Beneath an undersea volcano, scientists have discovered a hidden world filled with bizarre creatures.
The first-of-its-kind habitat is teeming with never-before-seen life-forms, including strange species of worms, snails and deep-dwelling octopuses. The ecosystem, nestled beneath hydrothermal vents on the East Pacific Rise off Central America, was found when scientists aboard the research vessel Falkor used a robotic arm to scrape away layers of seafloor.
"On land we have long known of animals living in cavities underground, and in the ocean of animals living in sand and mud, but for the first time, scientists have looked for animals beneath hydrothermal vents," Jyotika Virmani, executive director of the Schmidt Ocean Institute, which spearheaded the expedition to the ecosystem, said in a statement. "This truly remarkable discovery of a new ecosystem, hidden beneath another ecosystem, provides fresh evidence that life exists in incredible places."
Scientists first discovered the hydrothermal vents in 1977 while exploring the East Pacific Ridge, a tectonic plate boundary near the Galapagos Islands off the west coast of South America. There, vents shaped like totems of melted wax stand roughly 35 to 40 feet (10 to 12 meters) tall and gush hot, mineral-rich water into the oceans.
Despite the extreme temperatures around the vents — up to 694 degrees Fahrenheit (368 degrees Celsius) — scientists found thriving food chains filled with chemosynthetic bacteria, gastropods, crabs and worms sustained by the rich nutrients gushing from the vents.
But until now, no scientist had thought to look beneath the vents.
As part of the mission, scientists used a robotic arm to clear a square of ocean floor and then placed mesh boxes over cracks in the Earth's crust. When the researchers peered inside those boxes later, they discovered a host of animals living beneath the cavities, confirming that the creatures arrived there from beneath the seafloor.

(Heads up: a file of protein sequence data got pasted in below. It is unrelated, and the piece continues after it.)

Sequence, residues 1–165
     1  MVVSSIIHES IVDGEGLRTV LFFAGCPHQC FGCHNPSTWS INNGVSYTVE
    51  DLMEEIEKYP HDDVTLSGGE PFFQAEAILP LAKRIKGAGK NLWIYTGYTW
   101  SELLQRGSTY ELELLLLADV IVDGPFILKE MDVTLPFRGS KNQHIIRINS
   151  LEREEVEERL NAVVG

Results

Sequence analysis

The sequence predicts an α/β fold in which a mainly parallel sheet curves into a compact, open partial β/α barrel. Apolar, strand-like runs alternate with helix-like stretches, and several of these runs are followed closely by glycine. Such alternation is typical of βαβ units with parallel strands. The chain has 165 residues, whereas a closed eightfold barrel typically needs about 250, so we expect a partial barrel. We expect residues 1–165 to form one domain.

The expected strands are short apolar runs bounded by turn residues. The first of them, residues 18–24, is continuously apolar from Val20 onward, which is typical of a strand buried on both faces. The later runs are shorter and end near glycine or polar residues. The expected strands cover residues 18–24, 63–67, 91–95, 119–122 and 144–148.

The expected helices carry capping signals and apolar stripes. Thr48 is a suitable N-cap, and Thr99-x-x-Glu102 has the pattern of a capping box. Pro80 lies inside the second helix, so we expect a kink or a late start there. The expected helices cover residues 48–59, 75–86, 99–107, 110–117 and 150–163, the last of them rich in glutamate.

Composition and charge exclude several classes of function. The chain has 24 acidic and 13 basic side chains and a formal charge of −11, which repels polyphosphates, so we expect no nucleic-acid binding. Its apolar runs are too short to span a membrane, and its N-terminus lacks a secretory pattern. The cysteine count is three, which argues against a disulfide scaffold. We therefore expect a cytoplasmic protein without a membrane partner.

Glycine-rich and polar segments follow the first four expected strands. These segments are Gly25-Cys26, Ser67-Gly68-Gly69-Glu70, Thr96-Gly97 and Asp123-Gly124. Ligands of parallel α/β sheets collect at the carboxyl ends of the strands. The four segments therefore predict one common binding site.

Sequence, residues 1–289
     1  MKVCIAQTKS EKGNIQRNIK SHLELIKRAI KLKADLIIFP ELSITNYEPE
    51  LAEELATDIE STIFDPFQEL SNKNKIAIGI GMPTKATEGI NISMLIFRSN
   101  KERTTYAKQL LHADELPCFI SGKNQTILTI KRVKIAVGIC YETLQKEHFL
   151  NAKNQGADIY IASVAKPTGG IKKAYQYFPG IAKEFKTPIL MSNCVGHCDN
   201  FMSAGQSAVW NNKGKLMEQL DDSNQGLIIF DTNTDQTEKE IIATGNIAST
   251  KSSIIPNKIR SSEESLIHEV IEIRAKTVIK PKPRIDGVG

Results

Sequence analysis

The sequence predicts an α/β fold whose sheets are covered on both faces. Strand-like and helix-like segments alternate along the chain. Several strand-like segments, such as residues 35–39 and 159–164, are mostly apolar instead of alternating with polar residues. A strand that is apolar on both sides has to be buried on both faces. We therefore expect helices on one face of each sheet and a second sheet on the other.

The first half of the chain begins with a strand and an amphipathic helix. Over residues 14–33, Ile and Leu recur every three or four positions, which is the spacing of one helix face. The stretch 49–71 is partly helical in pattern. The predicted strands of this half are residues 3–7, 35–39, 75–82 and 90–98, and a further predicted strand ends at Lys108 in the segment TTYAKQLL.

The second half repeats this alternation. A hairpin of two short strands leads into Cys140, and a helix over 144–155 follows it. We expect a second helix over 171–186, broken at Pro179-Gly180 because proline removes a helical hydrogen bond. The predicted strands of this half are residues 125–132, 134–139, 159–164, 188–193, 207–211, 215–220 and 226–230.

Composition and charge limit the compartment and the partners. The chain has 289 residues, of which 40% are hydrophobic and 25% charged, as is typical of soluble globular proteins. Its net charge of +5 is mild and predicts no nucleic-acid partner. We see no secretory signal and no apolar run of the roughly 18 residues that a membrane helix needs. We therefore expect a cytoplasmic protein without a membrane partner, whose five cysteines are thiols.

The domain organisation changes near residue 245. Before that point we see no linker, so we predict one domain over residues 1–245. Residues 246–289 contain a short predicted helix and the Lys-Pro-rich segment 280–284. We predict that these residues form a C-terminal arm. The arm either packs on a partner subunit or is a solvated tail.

One animal, the giant tube worm (Riftia pachyptila), was of particular interest to the researchers. Few of the animal's young are seen above the vents, leading scientists to suspect that the larvae hitch a ride inside subsea volcanic fluids to reach new habitats.
"Our understanding of animal life at deep-sea hydrothermal vents has greatly expanded with this discovery," Monika Bright, an ecologist at the University of Vienna who worked on the mission, said in the statement. "Two dynamic vent habitats exist. Vent animals above and below the surface thrive together in unison, depending on vent fluid from below and oxygen in the seawater from above."
The researchers, who will publish their findings later this year, will continue studying this fragile and mysterious ecosystem, which is considered vulnerable to the effects of deep-sea mining operations planned in the Pacific Ocean.
"The discoveries made on each Schmidt Ocean Institute expedition reinforce the urgency of fully exploring our ocean so we know what exists in the deep sea," Wendy Schmidt, president and co-founder of the Schmidt Ocean Institute, said in the statement. "The discovery of new creatures, landscapes, and now, an entirely new ecosystem underscores just how much we have yet to discover about our Ocean — and how important it is to protect what we don't yet know or understand."
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Ben Turner is a U.K. based staff writer at Live Science. He covers physics and astronomy, among other topics like tech and climate change. He graduated from University College London with a degree in particle physics before training as a journalist. When he's not writing, Ben enjoys reading literature, playing the guitar and embarrassing himself with chess.